The Ambiguous Iroquois Empire: The Covenant Chain Confederation of Indian Tribes with English Colonies from Its Beginnings to the Lancaster Treaty of 1744

The Ambiguous Iroquois Empire: The Covenant Chain Confederation of Indian Tribes with English Colonies from Its Beginnings to the Lancaster Treaty of 1744

The Ambiguous Iroquois Empire: The Covenant Chain Confederation of Indian Tribes with English Colonies from Its Beginnings to the Lancaster Treaty of 1744

The Ambiguous Iroquois Empire: The Covenant Chain Confederation of Indian Tribes with English Colonies from Its Beginnings to the Lancaster Treaty of 1744

Excerpt

Some years ago I climbed the steep flights of stairs to the fourth floor of Lehigh University's Linderman Library in order to pay homage in person to that venerable historian of the eighteenth-century British Empire, the late Lawrence Henry Gipson. He sat in his eyrie, nestled among books and piles of papers more like an ancient little owl than an eagle, and he whispered the wisdom of nearly ninety years of living. "You know, Mr. Jennings," the soft voice confided, "when I started to write my history of the Revolution, I decided it would need a chapter of introduction." He paused to savor the coming joke. "Well that chapter became nine big volumes"—a vague wave of the ancient hand toward The British Empire Before the American Revolution, the anticipated classic, and a dry chuckle.

I felt a premonitory chill. I, too, intended a chapter of introduction to my subject. It does not seem likely that I have shouldered so great a burden as Gipson's, but neither have I ever felt hugely confident of lasting till ninety. My chapter of introduction grew into a full book and about a quarter of this one, just to get the poor thing born. Tristram Shandy managed better.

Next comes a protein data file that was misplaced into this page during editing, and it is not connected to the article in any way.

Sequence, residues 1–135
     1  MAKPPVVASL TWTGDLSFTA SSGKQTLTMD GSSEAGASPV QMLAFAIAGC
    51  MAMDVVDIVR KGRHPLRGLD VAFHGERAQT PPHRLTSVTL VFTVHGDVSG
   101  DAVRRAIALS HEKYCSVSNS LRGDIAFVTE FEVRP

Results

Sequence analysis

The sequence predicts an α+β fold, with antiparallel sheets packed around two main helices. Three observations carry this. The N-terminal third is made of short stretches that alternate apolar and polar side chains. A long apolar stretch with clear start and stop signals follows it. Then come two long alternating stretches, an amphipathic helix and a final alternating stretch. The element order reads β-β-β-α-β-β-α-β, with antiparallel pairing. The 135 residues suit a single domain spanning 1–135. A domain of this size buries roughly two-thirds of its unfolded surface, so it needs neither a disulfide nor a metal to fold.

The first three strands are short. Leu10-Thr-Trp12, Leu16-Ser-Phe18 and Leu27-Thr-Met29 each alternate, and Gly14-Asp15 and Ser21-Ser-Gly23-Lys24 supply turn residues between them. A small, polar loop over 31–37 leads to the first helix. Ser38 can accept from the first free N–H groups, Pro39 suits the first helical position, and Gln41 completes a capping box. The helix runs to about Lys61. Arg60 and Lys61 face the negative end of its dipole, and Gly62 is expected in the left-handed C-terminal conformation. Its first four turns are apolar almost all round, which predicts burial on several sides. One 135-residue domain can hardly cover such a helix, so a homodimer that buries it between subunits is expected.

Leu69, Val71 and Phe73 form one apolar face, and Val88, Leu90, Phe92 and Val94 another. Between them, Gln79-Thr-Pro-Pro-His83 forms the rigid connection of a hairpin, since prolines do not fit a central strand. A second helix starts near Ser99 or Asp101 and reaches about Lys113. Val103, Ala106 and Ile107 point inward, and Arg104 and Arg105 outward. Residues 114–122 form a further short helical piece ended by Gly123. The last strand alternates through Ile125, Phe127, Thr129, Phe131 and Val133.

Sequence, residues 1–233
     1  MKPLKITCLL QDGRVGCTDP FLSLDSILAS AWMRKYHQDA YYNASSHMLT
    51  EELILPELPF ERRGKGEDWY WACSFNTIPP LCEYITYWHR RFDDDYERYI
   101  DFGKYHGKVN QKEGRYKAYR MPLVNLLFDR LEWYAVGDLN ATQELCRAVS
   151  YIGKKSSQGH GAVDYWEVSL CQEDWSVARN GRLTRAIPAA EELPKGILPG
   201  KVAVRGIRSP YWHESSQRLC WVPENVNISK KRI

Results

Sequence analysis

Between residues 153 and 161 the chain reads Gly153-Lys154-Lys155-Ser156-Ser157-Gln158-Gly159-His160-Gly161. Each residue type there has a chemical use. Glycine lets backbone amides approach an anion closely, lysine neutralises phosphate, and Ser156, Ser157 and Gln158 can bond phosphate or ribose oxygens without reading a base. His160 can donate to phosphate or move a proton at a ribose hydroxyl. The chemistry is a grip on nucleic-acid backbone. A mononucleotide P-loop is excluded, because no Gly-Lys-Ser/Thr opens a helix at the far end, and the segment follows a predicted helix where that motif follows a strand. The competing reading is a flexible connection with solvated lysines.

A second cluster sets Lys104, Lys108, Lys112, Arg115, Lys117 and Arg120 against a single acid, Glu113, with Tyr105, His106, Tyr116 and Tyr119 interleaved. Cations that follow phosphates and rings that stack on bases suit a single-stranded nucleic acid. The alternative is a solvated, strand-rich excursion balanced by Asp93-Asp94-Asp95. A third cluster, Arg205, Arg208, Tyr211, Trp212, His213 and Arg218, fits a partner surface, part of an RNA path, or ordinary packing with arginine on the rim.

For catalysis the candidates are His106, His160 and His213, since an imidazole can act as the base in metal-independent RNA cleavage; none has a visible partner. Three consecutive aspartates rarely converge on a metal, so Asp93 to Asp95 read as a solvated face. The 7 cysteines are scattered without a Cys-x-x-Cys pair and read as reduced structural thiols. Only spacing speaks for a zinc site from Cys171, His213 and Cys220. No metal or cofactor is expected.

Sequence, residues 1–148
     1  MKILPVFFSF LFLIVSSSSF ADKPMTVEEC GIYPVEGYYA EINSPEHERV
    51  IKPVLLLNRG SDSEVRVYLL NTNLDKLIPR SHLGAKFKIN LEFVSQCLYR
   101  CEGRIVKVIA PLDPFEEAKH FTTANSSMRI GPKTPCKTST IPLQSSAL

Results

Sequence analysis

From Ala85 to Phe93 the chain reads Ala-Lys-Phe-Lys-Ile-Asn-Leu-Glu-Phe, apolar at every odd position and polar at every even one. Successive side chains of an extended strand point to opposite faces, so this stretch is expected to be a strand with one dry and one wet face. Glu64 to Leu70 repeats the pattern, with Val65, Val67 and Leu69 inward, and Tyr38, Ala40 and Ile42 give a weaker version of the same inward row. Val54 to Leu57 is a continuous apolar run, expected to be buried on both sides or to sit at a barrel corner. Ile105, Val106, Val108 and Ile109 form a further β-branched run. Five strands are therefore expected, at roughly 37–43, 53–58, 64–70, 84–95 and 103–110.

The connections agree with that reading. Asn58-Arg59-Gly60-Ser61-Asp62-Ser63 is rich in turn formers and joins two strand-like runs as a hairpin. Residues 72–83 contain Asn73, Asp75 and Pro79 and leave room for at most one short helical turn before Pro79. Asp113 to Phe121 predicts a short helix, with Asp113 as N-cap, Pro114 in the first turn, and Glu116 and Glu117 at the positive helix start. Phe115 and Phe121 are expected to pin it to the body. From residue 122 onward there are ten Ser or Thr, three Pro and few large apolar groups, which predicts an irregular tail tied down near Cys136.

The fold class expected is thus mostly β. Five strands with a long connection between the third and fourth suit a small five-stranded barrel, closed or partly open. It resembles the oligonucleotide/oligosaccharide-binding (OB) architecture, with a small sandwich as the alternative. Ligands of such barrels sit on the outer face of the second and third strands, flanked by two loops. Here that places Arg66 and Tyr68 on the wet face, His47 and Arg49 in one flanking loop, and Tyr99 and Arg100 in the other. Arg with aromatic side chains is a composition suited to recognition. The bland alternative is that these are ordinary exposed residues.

This book, like its predecessor The Invasion of America, is part of a history of how Euramericans and Amerindians shared in the creation of the society that became the United States of America. In that long process, different strategies were adopted by varied Indian tribes and European colonies in order to cope with the presence of all the others. The strategy of Puritan New England was armed conquest. I described it in Invasion with the intention of also writing a description of the strategy of accommodation used in the "middle colonies" of New Netherland and its English successors: New York, Pennsylvania, New Jersey, and Delaware. The material outgrew the book, so Invasion was confined to a general introduction and a narrative of New England. Here now is a balancing supplement. Complete in itself, it is also a continuation of the history of the peoples who formed a Covenant Chain of formal cooperation between Indian tribes and British colonies. This is a history impossible to conceive under the assumptions traditionally held by American historians until only a few years ago. The Covenant Chain has played no role in "frontier . . ."

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